a VPN question

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Dec 29th, 2008
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I asked a question just a minute ago about how GRE is encapsulated. That might help with this one, but does using a GRE tunnel mean that you are using a VPN? I would think maybe yes and maybe no, and if not, it's because you have to use IPSec to be using a VPN. I would think so because it says there are 2 ways to use VPNs...through tunneling and through IPSec. This subject is very confusing for me. Thank you,

J.D.

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rais Tue, 12/30/2008 - 07:41
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GRE is a tunneling protocol and tunneling is one of the main features of a VPN. Note that VPN is usually encrypted but GRE is inherently non-encrypted. GRE can carry protocols other than IP as well.


IPSec is not a must for VPN but is a usual choice for remote access VPN. Note that L3VPNs don't use IPSec but they still use tunnels and are called VPN.


Hope this helps.

Richard Burts Tue, 12/30/2008 - 20:52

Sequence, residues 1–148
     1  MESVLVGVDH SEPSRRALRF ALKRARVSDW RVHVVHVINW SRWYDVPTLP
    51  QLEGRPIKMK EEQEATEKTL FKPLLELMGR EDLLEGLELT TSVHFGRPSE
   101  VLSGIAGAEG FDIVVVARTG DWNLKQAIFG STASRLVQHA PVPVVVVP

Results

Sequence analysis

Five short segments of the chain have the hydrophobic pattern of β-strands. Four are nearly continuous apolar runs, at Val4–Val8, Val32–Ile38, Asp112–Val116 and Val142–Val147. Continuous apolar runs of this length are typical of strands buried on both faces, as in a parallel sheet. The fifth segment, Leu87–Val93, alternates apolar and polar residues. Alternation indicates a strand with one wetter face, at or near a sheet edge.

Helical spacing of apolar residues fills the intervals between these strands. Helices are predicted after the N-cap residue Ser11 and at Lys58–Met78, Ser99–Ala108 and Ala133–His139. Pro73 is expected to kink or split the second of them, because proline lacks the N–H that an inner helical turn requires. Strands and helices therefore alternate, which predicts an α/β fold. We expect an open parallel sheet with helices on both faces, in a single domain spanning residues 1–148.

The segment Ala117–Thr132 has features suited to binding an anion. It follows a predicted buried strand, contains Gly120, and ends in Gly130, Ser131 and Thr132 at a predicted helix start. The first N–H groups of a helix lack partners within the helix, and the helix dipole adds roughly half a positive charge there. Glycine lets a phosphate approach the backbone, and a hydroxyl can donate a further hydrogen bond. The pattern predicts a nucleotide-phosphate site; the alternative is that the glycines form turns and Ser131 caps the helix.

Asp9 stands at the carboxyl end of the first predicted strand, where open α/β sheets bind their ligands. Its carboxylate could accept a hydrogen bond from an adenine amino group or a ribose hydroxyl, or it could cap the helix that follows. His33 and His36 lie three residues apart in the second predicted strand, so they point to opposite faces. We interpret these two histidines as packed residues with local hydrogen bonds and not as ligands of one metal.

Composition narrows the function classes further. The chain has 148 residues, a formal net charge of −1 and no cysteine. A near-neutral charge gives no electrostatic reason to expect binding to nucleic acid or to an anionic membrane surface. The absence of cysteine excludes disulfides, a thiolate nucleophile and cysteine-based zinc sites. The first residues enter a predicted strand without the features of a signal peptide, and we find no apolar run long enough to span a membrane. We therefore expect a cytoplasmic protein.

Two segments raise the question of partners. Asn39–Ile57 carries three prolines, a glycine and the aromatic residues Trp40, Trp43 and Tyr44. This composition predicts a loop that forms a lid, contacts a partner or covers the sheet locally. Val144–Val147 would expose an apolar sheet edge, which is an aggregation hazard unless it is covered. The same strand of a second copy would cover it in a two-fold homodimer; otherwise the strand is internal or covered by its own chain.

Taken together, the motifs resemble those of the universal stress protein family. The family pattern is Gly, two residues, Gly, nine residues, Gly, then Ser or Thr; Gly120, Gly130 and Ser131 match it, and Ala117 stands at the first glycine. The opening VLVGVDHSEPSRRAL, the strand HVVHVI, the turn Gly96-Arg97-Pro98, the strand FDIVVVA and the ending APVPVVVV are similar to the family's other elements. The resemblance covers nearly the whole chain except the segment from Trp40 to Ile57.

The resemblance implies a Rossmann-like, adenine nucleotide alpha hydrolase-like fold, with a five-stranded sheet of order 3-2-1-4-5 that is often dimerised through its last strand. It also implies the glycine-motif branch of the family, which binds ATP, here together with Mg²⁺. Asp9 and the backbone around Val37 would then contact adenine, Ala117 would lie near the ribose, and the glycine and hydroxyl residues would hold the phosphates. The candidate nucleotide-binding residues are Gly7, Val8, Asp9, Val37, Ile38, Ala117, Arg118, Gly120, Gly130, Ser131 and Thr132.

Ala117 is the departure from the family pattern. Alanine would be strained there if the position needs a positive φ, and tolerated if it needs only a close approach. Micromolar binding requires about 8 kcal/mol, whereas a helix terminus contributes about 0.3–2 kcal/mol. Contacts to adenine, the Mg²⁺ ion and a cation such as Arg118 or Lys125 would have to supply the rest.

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JD


You ask the question:"does using a GRE tunnel mean that you are using a VPN?". And the answer is not necessarily.


In current usage GRE is frequently associated with VPN. But there are certainly implementations of GRE that are not associated with VPN (just as there are implementations of VPN that are not associated with GRE).


HTH


Rick

Istvan_Rabai Thu, 01/01/2009 - 01:22
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Hi J.D.,


The definition of VPN is: using a shared infrastructure to implement private networks.


The degree of security is not present in the definition.


To implement a VPN, you can use GRE or IPSEc or some other technologies. IPSec in itself can also be thought of as a kind of tunneling.


As Rick and Rais say, these technologies can be put together to enhance the features of a VPN.


Cheers:

Istvan


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